It is my experience that the Classic Head half-cents and large cents as well as the Seated Liberty dollars will be the toughest coins in the set. These will likely not only be the most expensive coins, if the set is undertaken at a uniform grade level, but they will also be the most difficult to find in original, problem-free and attractive condition. Outside of these four pieces, there are no extraordinarily difficult coins to find. The early copper also has a tendency to be slightly porous or pitted, especially the Classic Head designs. Some of this is unavoidable because striking of these coins on inferior planchets resulted in poor quality. Patience, however, can lead to choice coins. The small cents provide their own challenge, especially with the copper-nickel coinage. Flying Eagle cents and copper-nickel Indian Head cents should not look exactly like other small cents when it comes to coloration. These pieces were originally a more even tan and less bright orange or red than later composition cents, due to the nickel in the alloy. Even on well-worn pieces, the color should be somewhat different in the majority of cases, when compared to copper or bronze cents. Oftentimes, finding slightly corroded copper-nickel cents is due to the coin having spent time buried and is not due to improper planchet preparation. Generally, the best looking copper pieces are those without dark spots or verdigris on the surfaces and finding later date copper in this condition is easier than earlier types.


An odd and unfortunate phenomenon that I have witnessed many times is the presence of unnaturally white, flat looking half-dimes. The half-dime series have appeared to suffer this dipped-out fate much more readily than other denominations except for perhaps the early half dollars. Regardless of whether or not the set is a circulated or mint state and proof ensemble, the coins should reflect a combination of age and usage in their appearance. It might be most difficult with half-dimes, but it is worth the effort to have the coins look original. Encountering a weak strike on the early nickel series is common. Nickel is a very hard metal and the striking pressure needed to bring out the relief was not always present, which resulted in flat looking coins. Attractive Shield and Liberty nickels might be tough coins to find. The twenty-cent piece is unique in American coinage because of the raised LIBERTY on the obverse shield and grading these coins is somewhat different. This is another series where strike can sometimes appear quite soft. The greatest problem that one might find in the quarters is to find an SLQ that has a full, bold date, even in higher grades or on mint state coins.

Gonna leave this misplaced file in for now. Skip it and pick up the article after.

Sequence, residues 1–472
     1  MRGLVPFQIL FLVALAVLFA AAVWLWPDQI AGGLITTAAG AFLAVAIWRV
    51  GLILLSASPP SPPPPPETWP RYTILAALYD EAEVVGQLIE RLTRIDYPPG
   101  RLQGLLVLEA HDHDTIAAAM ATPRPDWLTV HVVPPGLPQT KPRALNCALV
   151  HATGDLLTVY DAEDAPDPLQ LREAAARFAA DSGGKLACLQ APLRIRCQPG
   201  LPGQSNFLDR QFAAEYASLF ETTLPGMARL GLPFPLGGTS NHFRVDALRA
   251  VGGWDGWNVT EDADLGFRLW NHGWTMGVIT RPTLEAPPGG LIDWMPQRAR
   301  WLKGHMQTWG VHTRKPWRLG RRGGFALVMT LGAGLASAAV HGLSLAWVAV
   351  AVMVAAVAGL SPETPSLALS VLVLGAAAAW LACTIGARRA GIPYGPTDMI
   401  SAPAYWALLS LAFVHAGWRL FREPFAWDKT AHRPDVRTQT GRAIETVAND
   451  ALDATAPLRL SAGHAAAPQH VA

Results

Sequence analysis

The half dollar slots are rewarding to fill because for the earliest coins required, the Capped Bust half dollars, usage was limited to bank transfer funds for many years and because of this, they escaped circulation. The Reeded Edge half dollars will be more difficult to find with full strikes and in any type of attractive condition. There are also four slots for commemorative half dollars and this opens up a wealth of opportunity to make the album individual. There are currently approximately 100 distinct commemorative half dollar designs, including both classic and modern commemoratives, from which to choose. Within the dollar category there are two very difficult coins and these are both Seated dollar varieties. There are one or two "generic" dates for the No Motto Seated dollars, but the With Motto Seated dollars should be found with greater frequency overall. The Seated dollars might be the most attractive coins within the entire album in very low grade, and this may be the only range that many folks will be able to find them. The Trade dollar might also be difficult, but later dollars are readily obtainable. A comparison of the Morgan dollar to its immediately adjacent dollar series of Peace and Ike is interesting and will show the incredible change in relief that the Mint decided to undertake with production of the latter two series.